And, of course, the graffiti on the wall: “I’m never gonna know you now, but I’m gonna love you anyhow.”

As has been widely written about in the days following his suicide, Elliott moved to Portland during his high school years and returned again after graduating from Hampshire College in Massachusetts before eventually relocating to Brooklyn and then to L.A. in the latter half of the ‘90s. His time in the city coincided with a vibrant period for Portland music—the local scene was a collaborative, family-like affair (it was unusual to hear of a musician who didn’t play in at least two bands) and Elliott’s down-at-the-heels sensibility and penchant for unflinching honesty neatly meshed with the vibe that permeated Stumptown’s loosely knit tribal culture. His association with Heatmiser may have flamed out during this era, but other artists such as Quasi, Pete Krebs and the Dandy Warhols all flourished in this environment and helped put Portland on the indie-rock map. Elliott emerged from this time at the vanguard of a movement, and whether he recognized it or not was destined to become one of the voices of his generation.

Our city’s stamp is unmistakably present on Elliott’s musical output. When Elliott sings about “falling out, Sixth and Powell, dead sweat in my teeth” on “Needle In The Hay,” he’s talking about a very specific location with a particular reference point for those who know anything about the city’s underground drug trade. When he needles an acquaintance who “walks down Alameda” shuffling a deck of trick cards, this is as tangible and knowable an entity as most Portlanders can conjure. The city’s annual Rose Parade was immortalized on Elliott’s song of the same name, made indelible by a rare moment of levity: a (incorrect, as it so happens) smirking reference to the “Duracell Bunny.” “Punch And Judy” gives a shout out to the very street where Elliott’s memorial was held.

There are scads of other secret references that, to Portlanders, aren’t secret at all. They form the basis of our bond with Elliott, our shared understanding of the man and what he was struggling to communicate through his music. They are what make him “ours.” This week, I have felt this bond more strongly then at any time during my decade-long relationship with Elliott’s music. There are moments I’ve shared with him that I will never be able to forget as long as I live, and I’ve relived a number of them lately.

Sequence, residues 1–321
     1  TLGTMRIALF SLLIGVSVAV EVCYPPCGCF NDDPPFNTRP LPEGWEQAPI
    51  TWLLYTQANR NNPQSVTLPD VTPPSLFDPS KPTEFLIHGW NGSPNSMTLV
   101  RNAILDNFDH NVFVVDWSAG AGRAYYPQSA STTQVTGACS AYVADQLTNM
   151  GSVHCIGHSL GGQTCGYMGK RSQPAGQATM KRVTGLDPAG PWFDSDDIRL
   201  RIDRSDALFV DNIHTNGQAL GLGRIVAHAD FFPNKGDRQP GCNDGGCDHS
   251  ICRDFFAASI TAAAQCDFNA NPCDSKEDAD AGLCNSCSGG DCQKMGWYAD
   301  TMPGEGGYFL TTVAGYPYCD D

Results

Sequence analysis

Some of his songs are just too hard to listen to right now. I put on “The White Lady Loves You More” yesterday and skipped ahead as soon as I heard him whisper/sing “keep your things in a place meant to hide.” I was never a particularly big fan of “Miss Misery” when he was alive, and now it’s one of my favorite songs—but one that’s too damn fragile to listen to. And “Say Yes”—perhaps my most revered Elliott Smith composition—is part of an entire record (Either/Or) that is the emotional equivalent of putting your hand in the fire just to see if it will hurt. Shit was always breaking in Elliott’s songs—hearts, lightbulbs, promises, relationships—and just as surely as a window shatters when a brick is thrown through it, listening to Either/Or is like the inevitable end of that film we all watched in high-school driver’s ed class: When the car runs full speed through the railway stop, it always implodes against the train in a shower of glass, metal and human fragments. This is the sum of what remains after listening to Either/Or. And I’m just not up to it right now.

Years ago, I attended one of Elliott’s many shows at La Luna, a long-since-defunct club that was previously known as the Pine Street Theatre (site of a particularly nasty incident involving the Replacements and a couch thrown through a window to the ground floor; the shambolic show that followed is what inspired the group to write “Sorry Portland” on the outgroove of Don’t Tell A Soul). He came out late, the rather smallish environs packed with as many as could be seated on the floor and proceeded to play one of the most amazing sets I’d seen from anyone at any time. A friend of mine from Chicago who’d never seen him before was stunned into near-complete silence by the brilliance of that night’s performance, with Elliott taking requests from the floor and flying through flawless covers of Big Star’s “Thirteen,” the Kinks’ “Set Me Free” and Bob Dylan’s “Don’t Think Twice, It’s All Right” (the latter of which he dedicated to his father, who attended the show and stood around afterward hugging his son like any dad would; a proud and awkward, but nevertheless genuinely affectionate, embrace).

Elliott could be as cynical and cutting as Dylan, possessed an ear for melody and an eye for detail on par with Paul Simon (but without any of the latter’s maudlin, sentimental tendencies) and could craft a three-minute story equal to that of the masters of the form (Lennon/McCartney, Brian Wilson, Alex Chilton). He took a previously braindead genre—the clichéd terrain of the singer/songwriter—and made it entirely his own. Relevant. Alive. “Punk” (if that’s at all possible).